by Dale Chappell
A box cutter is a type of knife “designed to cut things and not people,” and was therefore not “inherently” a deadly weapon as a matter of law, the Court of Appeal of California Second Appellate District held, overturning a defendant’s conviction.
There was no question that Yazan Aledamat pulled a box cutter and said, “I’ll kill you,” during an argument. The question later became whether the box cutter was “inherently” a deadly weapon to support his conviction for assault with a deadly weapon, after the jury found him guilty based on the superior court’s instruction on what constitutes a “deadly weapon” as a matter of law. Aledamat appealed his conviction.
A “deadly weapon,” as a matter of law, is defined as an object that is deadly to others in its “ordinary use for which it is designed” or when used in a manner “capable of and likely to produce death.” Because a box cutter is not designed to cut people in its ordinary use, the Court of Appeal ruled that it is “not an inherently dangerous or deadly instrument as a matter of law.” The superior court’s jury instruction was a legal error that prejudiced Aledamat, the Court said. While a jury is “well equipped” to distinguish between valid and erroneous factual questions, it cannot do so with legal questions, the Court explained.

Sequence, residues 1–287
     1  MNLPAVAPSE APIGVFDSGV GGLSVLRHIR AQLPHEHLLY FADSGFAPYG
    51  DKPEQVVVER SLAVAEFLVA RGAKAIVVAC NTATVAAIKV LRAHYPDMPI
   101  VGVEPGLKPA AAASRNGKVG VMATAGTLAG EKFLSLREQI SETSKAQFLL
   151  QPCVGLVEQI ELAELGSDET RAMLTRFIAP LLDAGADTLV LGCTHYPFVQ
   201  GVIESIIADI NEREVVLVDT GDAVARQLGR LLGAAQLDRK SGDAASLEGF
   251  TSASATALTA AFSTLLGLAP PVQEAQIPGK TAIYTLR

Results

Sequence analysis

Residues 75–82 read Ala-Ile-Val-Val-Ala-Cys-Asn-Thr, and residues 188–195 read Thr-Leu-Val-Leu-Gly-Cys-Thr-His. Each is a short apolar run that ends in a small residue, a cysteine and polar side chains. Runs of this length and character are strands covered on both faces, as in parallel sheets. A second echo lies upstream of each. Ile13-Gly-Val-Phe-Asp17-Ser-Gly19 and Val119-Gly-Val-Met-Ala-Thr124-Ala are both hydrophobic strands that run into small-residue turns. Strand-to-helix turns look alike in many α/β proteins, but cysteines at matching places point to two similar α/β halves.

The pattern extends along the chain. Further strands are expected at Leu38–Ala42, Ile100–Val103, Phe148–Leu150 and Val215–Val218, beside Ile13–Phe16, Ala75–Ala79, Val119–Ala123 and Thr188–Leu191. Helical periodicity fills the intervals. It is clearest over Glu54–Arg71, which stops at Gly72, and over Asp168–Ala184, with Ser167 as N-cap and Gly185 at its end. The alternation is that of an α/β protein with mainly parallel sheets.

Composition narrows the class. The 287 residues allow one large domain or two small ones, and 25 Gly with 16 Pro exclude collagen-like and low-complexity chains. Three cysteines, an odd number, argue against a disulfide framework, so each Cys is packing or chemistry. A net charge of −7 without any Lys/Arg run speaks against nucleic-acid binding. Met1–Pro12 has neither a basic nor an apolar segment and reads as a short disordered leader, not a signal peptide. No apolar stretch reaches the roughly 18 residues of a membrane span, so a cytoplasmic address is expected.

The Court recognized that its decision regarding the rules governing prejudice is “arguably in tension” with recent California Supreme Court decisions, such as where an erroneous jury instruction on the elements of a crime does not require reversal if the evidence of guilt is “overwhelming.” See People v. Merritt, 2 Cal.5th 819 (Cal. 2017). However, other Supreme Court case law cited by the Court of Appeal in deciding this case is “on point” with respect to Aledamat’s case and thus remains binding on the Court. It observed that it is up to the Supreme Court to revisit or reconsider the foregoing case law.
Accordingly, the Court of Appeal vacated his conviction for assault with a deadly weapon and remanded to the trial court for “the People to determine whether to retry the defendant….” See: People v. Aledamat, 20 Cal. App. 5th 1149 (2018).
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Related legal case
People v. Aledamat
|Cite||20 Cal. App. 5th 1149 (2018)|
|Level||State Court of Appeals|